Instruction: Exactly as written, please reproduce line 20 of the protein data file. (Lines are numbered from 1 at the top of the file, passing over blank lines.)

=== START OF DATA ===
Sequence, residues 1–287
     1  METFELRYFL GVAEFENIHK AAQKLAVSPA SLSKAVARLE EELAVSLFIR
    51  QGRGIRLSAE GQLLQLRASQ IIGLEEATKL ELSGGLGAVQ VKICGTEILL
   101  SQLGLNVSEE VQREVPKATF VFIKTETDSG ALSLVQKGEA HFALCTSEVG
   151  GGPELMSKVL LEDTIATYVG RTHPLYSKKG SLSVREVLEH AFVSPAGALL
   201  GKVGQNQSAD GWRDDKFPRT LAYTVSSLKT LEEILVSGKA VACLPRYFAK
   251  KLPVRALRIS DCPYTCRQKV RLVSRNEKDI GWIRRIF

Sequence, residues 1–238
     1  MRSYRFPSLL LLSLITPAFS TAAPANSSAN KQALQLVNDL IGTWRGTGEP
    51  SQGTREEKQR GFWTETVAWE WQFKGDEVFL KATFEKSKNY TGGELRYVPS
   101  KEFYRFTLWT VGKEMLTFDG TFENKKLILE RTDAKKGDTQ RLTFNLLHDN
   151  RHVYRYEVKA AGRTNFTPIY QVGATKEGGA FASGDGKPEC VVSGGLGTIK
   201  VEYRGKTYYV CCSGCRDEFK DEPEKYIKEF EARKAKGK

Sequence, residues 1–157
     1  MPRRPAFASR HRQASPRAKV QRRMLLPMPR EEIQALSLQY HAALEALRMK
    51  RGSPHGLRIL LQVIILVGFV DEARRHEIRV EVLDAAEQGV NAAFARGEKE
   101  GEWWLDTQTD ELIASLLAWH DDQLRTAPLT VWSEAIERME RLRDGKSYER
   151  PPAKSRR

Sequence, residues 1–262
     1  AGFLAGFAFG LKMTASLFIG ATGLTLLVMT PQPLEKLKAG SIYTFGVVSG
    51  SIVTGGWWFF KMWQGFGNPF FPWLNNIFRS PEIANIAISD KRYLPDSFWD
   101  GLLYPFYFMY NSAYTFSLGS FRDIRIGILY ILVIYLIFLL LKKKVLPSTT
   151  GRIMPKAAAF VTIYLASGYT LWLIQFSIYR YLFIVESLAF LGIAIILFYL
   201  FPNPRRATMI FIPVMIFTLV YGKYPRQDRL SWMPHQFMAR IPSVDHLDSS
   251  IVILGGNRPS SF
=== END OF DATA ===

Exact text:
     1  AGFLAGFAFG LKMTASLFIG ATGLTLLVMT PQPLEKLKAG SIYTFGVVSG